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Listening Post

Media 'vultures': Covering life and death

We examine the global media's swing from impending death in South Africa to anticipated birth in the UK.

Last Modified: 27 Jul 2013 14:30
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It was what the industry calls an “eight-step event” because that is how high a photographer has to climb to get a decent shot. For weeks, reporters camped outside a closed door and speculated on the name of a yet-to-be-born prince. Coverage of the royal birth was so exhausting for some that the UK’s Guardian website offered a “republican” button to turn off all news of the arrival of the newborn prince.

But just days before, the media horde had encircled another hospital thousands of miles away in Pretoria, South Africa. There, reporters, TV crews and paparazzi awaited the end of a life that represented another kind of nobility – that of Nelson Mandela. His family complained of media “vultures” but for the global press, it was anticipation with no payoff and the news cycle turned to another stage in the circle of life.

Our News Divide tracks the global media’s swing from impending death to anticipated birth. We speak to CBC Foreign Correspondent Susan Ormiston; Catherine Mayer, Europe editor for Time Magazine; NOS (Netherlands) correspondent Arjen Van Der Horst; and Stefano Radaelli, senior researcher for Media Tenor (South Africa).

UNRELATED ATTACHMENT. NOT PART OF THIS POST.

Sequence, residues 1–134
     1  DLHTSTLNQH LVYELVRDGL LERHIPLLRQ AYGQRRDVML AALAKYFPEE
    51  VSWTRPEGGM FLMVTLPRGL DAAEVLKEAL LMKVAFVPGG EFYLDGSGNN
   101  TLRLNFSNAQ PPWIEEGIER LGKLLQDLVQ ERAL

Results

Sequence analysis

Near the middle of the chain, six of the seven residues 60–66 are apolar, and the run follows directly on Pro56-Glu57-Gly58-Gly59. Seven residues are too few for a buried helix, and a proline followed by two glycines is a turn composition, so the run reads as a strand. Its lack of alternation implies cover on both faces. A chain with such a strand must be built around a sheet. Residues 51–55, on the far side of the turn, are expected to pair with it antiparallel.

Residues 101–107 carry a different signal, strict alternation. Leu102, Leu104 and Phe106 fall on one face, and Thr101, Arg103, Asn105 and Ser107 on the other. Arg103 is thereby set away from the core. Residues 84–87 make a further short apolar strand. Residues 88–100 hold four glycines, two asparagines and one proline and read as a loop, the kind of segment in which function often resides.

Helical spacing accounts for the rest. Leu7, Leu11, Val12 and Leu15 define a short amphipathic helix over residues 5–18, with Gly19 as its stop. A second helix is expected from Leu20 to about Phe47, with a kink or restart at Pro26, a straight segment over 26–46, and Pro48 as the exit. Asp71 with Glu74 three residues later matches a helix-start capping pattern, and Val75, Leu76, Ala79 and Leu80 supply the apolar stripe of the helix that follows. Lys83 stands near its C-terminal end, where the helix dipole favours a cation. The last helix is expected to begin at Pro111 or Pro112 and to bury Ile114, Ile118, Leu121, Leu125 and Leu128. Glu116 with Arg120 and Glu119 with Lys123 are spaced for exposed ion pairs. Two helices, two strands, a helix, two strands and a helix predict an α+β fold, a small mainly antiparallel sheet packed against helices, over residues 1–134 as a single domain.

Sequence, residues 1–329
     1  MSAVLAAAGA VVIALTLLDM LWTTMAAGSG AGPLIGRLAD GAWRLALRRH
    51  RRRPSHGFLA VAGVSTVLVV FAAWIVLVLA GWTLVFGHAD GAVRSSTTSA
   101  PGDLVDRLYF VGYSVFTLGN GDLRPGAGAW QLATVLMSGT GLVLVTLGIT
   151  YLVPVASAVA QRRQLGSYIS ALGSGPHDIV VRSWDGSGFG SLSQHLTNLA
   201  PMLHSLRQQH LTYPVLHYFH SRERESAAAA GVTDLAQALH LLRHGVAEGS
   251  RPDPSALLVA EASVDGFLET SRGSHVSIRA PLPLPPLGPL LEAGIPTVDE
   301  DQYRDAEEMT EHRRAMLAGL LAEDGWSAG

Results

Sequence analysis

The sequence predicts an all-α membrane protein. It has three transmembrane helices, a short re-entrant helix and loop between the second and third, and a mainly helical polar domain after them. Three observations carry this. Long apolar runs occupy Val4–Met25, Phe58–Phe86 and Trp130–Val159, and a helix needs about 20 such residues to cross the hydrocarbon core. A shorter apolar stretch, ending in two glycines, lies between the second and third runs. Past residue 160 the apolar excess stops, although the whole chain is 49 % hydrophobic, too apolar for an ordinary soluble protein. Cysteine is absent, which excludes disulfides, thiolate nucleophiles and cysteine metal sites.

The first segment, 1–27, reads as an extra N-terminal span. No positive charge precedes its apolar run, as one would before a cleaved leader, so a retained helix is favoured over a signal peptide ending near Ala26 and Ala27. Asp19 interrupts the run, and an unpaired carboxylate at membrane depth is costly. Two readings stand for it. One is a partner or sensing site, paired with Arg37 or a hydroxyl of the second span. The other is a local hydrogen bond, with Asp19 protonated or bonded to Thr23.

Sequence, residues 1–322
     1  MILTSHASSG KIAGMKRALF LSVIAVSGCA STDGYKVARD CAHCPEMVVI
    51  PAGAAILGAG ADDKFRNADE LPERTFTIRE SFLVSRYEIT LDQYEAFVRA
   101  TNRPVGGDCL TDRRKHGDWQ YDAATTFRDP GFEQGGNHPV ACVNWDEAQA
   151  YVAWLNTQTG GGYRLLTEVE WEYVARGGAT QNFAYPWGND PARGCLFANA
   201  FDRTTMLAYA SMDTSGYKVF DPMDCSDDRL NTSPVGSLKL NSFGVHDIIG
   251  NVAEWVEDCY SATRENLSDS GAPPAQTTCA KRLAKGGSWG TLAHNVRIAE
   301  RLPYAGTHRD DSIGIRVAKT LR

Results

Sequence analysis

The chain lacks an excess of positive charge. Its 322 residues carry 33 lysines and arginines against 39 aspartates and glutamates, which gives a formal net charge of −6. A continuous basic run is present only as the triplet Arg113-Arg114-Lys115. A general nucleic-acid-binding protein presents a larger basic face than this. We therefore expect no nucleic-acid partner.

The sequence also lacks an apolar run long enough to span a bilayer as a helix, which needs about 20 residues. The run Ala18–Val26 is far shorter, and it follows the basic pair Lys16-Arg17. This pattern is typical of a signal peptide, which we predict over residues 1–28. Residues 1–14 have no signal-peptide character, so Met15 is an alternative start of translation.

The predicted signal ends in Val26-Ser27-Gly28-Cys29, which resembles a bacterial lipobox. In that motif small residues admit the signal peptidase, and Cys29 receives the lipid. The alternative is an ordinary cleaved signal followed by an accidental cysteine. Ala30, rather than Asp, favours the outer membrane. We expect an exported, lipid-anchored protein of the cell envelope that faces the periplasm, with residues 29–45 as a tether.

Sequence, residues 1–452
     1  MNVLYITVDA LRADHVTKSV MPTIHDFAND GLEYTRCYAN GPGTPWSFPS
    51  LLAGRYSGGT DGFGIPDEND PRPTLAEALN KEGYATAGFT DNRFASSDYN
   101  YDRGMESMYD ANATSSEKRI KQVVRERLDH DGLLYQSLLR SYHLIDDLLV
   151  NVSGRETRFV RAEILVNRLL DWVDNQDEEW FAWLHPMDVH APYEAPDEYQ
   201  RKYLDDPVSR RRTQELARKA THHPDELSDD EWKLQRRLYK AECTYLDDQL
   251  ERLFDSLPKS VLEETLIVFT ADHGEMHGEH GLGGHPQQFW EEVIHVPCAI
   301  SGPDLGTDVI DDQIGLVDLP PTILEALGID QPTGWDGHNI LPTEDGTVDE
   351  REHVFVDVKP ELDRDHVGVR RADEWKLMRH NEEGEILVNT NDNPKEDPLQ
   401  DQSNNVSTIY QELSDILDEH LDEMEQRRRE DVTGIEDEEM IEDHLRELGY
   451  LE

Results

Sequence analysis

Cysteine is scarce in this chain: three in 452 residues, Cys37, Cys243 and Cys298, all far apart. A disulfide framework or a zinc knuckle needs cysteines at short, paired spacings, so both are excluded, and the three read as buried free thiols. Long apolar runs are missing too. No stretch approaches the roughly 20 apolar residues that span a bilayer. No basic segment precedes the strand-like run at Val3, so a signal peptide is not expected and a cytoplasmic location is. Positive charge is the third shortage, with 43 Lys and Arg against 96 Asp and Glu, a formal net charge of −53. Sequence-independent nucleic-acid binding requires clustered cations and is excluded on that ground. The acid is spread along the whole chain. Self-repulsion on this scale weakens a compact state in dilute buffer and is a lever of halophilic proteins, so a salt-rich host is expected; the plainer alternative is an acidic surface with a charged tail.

Newsbytes this week: A reader’s ombudsman in Turkey gets the axe for criticising media and the government over protest coverage; Zimbabwe gets a new TV station but President Robert Mugabe will not be tuning in; and in Mexico, another reporter falls in the line of duty.
 
In our feature: Sixty years ago this week North and South Korea called a truce to end their war but uneasy peace has left not only a demilitarised zone but an information blockade. The Listening Post’s Gouri Sharma investigates citizen journalist defectors who help shed light on a shuttered nation.

Our web video of the week stays with Korea, coming courtesy of the South Korean Air Force. They call on their musical talents for a parody of the movie musical “Les Misérables”. A South Korean airman channels Jean Valjean while his lover, Cosette, tries to convince him to abandon his endless mission to clear snow from the runway. Praying for spring, we bring you “Les Militaribles”.

 
Listening Post can be seen each week at the following times GMT: Saturday: 0830, 1930; Sunday: 1430; Monday: 0430.

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Source:
Al Jazeera
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